It was June 2018, and Alexandria Pitts walked into the first-ever Durag Fest with the mindset that “it’s basically like a huge cookout with 1,000 cousins.” The attire centered around taking a simple accessory — known to create the waviest tendrils of hair if brushed and tied down just right — and making it gloriously fashionable, whether your durag flapped to the nape of your neck or down to the soles of your shoes.
More than 1,200 people gathered at Camp North End a year ago to join in the event where fashion, food, music and community intersected. On June 15, the “Met Gala of Durags” is back for Round 2.
If you missed the inaugural festival, searching #DuragFest on your social media platforms will give you a glimpse but might not do it justice. The scene went viral and gained national attention from outlets like The Shade Room, The Breakfast Club, ESPN, Blavity and others.
At its core, Durag Fest represented a way to uplift Black culture in honor of Juneteenth, commemorating the June 19, 1865 announcement that slavery had ended in the United States. Juneteenth festivals have been a time to celebrate freedom and culture.
“Growing up in Charlotte, we’ve had different Juneteenth festivals before. But Durag Fest was almost like a millennial version,” said Pitts, a fifth-grade teacher who grew up on both the east and north sides of Charlotte. “I don’t think I’ve ever really experienced a festival in Charlotte like Durag Fest. We just want to have a good time and celebrate us being us.”
While Pitts rocked “a simple black durag, some flowy pants, and a little cami” last year, she said she may dazzle her outfit a little more this time around. “But, I’m definitely looking forward to seeing what other people do this year, especially those who went way over the top last year.”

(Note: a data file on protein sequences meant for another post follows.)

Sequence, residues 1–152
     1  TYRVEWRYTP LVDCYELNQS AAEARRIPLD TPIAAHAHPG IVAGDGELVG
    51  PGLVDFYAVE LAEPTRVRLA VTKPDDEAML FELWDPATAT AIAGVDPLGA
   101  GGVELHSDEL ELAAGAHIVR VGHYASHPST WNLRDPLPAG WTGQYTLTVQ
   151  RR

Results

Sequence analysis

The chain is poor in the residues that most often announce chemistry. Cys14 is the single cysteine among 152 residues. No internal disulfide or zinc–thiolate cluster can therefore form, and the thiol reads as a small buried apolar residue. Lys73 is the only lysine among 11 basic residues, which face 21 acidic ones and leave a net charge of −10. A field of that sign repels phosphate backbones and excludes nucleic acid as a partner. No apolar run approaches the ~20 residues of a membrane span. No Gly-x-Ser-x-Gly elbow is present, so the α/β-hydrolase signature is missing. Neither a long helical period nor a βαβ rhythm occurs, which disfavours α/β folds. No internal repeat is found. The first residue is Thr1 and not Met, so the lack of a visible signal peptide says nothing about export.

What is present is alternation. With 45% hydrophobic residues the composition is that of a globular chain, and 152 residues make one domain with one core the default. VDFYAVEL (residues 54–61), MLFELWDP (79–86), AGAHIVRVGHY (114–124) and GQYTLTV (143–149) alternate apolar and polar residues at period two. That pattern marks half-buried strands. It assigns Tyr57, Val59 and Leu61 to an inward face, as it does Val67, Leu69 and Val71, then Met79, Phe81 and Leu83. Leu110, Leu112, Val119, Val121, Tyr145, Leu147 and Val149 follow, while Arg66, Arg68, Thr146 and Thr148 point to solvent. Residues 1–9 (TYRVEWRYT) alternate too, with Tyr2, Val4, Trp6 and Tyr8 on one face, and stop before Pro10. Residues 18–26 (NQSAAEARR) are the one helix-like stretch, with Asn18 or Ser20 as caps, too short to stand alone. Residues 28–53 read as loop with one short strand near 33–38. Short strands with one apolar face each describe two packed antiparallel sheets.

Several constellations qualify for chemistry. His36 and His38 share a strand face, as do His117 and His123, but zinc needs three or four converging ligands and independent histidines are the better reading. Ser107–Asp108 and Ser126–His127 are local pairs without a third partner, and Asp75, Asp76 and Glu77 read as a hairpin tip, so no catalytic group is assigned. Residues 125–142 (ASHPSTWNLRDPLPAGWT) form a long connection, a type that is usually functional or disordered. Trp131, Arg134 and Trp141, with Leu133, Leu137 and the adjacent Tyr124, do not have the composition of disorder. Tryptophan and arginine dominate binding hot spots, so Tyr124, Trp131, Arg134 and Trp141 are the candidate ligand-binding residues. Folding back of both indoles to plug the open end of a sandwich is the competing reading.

The result of creative collaboration
Charlotte creatives Dammit Wesley, Lica Mishelle and DJ Fannie Mae are the local forces behind Durag Fest.
“It started with me and DJ Fannie Mae doing these random underground art events,” said Wesley, who serves chiefly as the event’s creative director. “There were always themes around Black culture, and we always try to do something exceptional for Juneteenth.”
The team didn’t expect Durag Fest to be a high-profile event, but it was the community who showed up, showed out and made the event so successful.
“The thing that really set us apart is the opportunity to be unapologetically Black in what is viewed as a white space,” Wesley said. “Not to mention, you’re actually taking the celebration of a holiday that’s overlooked by Western society as a whole, and you’re turning that into something special.”
What to expect
Pitts explained the sense of pride she felt seeing her city put on an event that garnered, largely positive, national attention.
“It’s a feeling you have to experience,” she said. “You get to be as extra or as chill as you want.”
What can this year’s attendees expect? “We’re gonna keep the same recipe. We’re more excited to see what the community comes up with,” said Operations Director Lica Mishelle.
- Durag Fest Brunch, from 11 a.m. to 3 p.m., catered by 225 Street Food
- An art exhibition curated by Dammit Wesley
- Durag culture in all its glory during the Durag Fest Fashion Show
- Durag Fest Wave Check where guests compete for “Best Waves” bragging rights
- Mainstage performances from artists with local roots like R&B singer Samoht, producer/DJ Simon SMTHNG, funk artist Leone and others. Check out the full lineup here
- Twerksanity, self-explanatory, right?
Date: Saturday, June 15
Time: 4-10 p.m.
Location: Camp North End, 1776 Statesville Ave., Charlotte
Cost: $20-$45, get tickets
Katrina Louis is managing editor of qcitymetro.com who can always find something to do in Charlotte. She’s an offline hustler (and has the shirt to prove it) but when online, find her on Instagram and Twitter.